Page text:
The Philharmonie Project (Nielsen: Symphony No. 5)
Lynne Marsh
architecture by June14 Meyer-Grohbrügge & Chermayeff

October 27 – December 17, 2011

installation shots by Trevor Good

Comprised of two movements, rather than the traditional three, Carl Nielsen’s Symphony No. 5 is a touchstone of contrast, variance and opposition in the 20th century symphonic canon. Composed in 1921, the piece, its performance and subsequent filming serve as organizing frameworks for Lynne Marsh’s Philharmonie Project (Nielsen: Symphony No. 5). In January of 2011, Marsh filmed the video production team at the Hans Scharoun designed Berlin Philharmonie as they film a live performance of the Nielsen symphony. For each of the Berlin Philharmonic’s concert, the team coordinates the movement of each camera, choreographing it to the musical score. Presented at PROGRAM are two videos, one showing the team as they conduct the cameras’ movements back stage, the other of the empty stage, recorded as a dry-run before the concert, as determined by the shots designed for Nielsen’s symphony. In close collaboration with Marsh, architects Johanna Meyer-Grohbrügge and Sam Chermayeff of June14 have designed a structure that serves as seating while dramatically separating the space in two contrasting parts. Ultimately, the Philharmonie Project is a study on the staging of power systems, the cultural expression of mass consumption and the support structures that enable it to happen.

Lynne Marsh studied at Concordia University in Montréal and Goldsmiths, University of London. She now divides her time between Berlin and London, where she teaches. She has exhibited internationally including recent solo shows at the Musée d’art contemporain de Montréal, Steve Turner Contemporary, Los Angeles and Danielle Arnaud contemporary art, London and group exhibitions including the 10th International Istanbul Biennial Nightcomers Program and Centro Cultural Montehermoso, Spain. Works from the The Philharmonie Project are being exhibited concurrently at Donald Browne Gallery, Montreal and as part of the Québec Triennial at the Musée d’art contemporain de Montréal until January 3, 2012.

June14 is the collaborative practice of Johanna Meyer-Grohbrügge from Germany and Sam Chermayeff from New York. The two met at SANAA in Tokyo where they worked together for a combined ten years, 2005 through 2010. Their new venture, June14, begins with a desire to make things, places and atmospheres for all kinds of people. In an old fashioned sense, it may be a humanistic approach, and in another sense it may simply be a generosity toward different ways of living and working. It stems from a belief that architecture can make things happen and that things can happen to architecture. As an office its aim is to exchange with its users. It is open to new ideas.On a practical level the principals have experience with a wide range of projects from small gardens and bespoke furniture to office towers. The intention is to expand that range while maintaining a dynamic understanding of the human scale. The office is based in Berlin and New York.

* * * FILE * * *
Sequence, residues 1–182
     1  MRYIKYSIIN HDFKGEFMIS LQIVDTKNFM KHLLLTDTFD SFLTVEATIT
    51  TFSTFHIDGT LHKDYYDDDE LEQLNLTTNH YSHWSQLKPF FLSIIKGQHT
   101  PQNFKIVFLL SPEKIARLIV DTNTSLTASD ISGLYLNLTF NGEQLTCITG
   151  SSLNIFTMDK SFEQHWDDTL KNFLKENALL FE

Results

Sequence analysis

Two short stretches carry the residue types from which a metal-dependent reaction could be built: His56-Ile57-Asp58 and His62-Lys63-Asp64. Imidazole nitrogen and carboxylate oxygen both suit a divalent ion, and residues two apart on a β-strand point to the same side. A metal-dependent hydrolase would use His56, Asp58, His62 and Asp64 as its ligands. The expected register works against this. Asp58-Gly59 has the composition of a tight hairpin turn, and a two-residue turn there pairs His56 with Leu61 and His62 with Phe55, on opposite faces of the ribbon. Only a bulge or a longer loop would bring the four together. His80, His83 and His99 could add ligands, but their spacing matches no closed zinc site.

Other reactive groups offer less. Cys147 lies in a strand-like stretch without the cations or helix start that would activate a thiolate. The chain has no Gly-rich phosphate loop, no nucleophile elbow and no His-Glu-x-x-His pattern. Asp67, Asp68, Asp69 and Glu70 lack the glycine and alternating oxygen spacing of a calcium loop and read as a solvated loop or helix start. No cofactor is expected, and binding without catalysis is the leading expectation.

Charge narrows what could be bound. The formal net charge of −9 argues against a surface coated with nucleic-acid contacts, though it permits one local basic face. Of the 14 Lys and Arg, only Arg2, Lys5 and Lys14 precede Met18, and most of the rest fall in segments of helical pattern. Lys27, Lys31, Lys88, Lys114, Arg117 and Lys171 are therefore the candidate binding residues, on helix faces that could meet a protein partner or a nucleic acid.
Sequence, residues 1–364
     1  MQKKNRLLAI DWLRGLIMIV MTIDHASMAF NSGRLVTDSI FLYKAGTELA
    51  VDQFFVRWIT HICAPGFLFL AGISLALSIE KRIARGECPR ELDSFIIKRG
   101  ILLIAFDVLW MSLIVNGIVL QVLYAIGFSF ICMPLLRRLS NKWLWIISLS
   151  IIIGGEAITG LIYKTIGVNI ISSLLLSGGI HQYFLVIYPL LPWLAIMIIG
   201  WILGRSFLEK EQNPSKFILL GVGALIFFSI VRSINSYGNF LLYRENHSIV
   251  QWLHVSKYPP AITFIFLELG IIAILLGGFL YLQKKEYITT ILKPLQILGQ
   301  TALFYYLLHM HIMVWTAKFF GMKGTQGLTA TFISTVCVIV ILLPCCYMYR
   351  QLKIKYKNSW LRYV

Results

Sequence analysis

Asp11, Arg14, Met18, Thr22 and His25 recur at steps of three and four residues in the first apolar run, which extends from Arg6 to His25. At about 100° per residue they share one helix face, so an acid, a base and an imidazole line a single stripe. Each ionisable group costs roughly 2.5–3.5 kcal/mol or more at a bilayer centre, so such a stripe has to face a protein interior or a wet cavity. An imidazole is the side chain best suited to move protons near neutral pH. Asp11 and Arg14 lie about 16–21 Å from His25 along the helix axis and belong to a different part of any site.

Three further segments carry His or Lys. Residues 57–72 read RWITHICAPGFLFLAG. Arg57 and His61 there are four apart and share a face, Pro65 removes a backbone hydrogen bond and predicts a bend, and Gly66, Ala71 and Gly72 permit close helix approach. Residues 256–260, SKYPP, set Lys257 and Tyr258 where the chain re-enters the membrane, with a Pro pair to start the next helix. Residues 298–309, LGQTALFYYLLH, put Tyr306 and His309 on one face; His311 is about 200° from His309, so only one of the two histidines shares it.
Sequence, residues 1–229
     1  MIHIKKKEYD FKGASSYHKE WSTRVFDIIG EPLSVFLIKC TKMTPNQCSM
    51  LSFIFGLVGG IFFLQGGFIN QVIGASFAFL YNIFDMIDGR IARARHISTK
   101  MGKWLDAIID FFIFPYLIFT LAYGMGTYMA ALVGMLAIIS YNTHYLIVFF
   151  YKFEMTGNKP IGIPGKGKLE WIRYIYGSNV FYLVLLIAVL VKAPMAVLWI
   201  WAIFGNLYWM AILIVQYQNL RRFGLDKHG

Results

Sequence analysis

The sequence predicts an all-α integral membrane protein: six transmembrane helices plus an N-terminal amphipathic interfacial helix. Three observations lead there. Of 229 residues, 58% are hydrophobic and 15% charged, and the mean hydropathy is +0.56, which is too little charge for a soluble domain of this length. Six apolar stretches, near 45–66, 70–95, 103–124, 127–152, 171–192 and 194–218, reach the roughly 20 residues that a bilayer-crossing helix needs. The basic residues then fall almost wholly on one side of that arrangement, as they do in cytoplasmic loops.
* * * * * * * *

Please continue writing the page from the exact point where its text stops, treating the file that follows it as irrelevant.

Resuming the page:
Project team: Alexander Menke, Johanna Meyer-Grohbrügge and Sam Chermayeff
Structural engineering advice: Klaas de Rycke / Bollinger + Grohmann

video credits
The Philharmonie Project (Nielsen: Symphony No. 5)
by Lynne Marsh

Director of Photography and Camera: Daniel Sippel
Camera: Lynne Marsh
Sound Capture and Mix: Johannes Krämer
Gaffer: Tommy Mann
Editors: Mathieu-Bouchard-Malo and Lynne Marsh
Colour Correction: Christoph Manz

Tilo Krause, Director
Matthias Wahle, Camera Operator
Jörg Mohr, Musical Assistant to Video Director
Friederike Webel, Assistant to Video Director

Support from:
Christoph Franke, Creative Producer
Katharina Bruner, Head of Video Production
Ralf Bauer-Diefenbach, Video Supervisor

Concert Recording of:
Carl Nielsen Symphony Nr. 5 op. 50
Performed by the Berliner Philharmoniker
Conducted by David Zinman
January 15, 2011

Special thank you to the Berliner Philharmoniker Digital Concert Hall Team for their gracious participation, and to the Berliner Philharmoniker for permission to include the recording.

Kindly supported by the Québec Government Office, The Bambi Foundation, the Conseil des arts et des lettres du Québec and The University of Hertfordshire. In cooperation with the Embassy of Canada.



press release 23.10.2011 [EN] [DE]

Lynne Marsh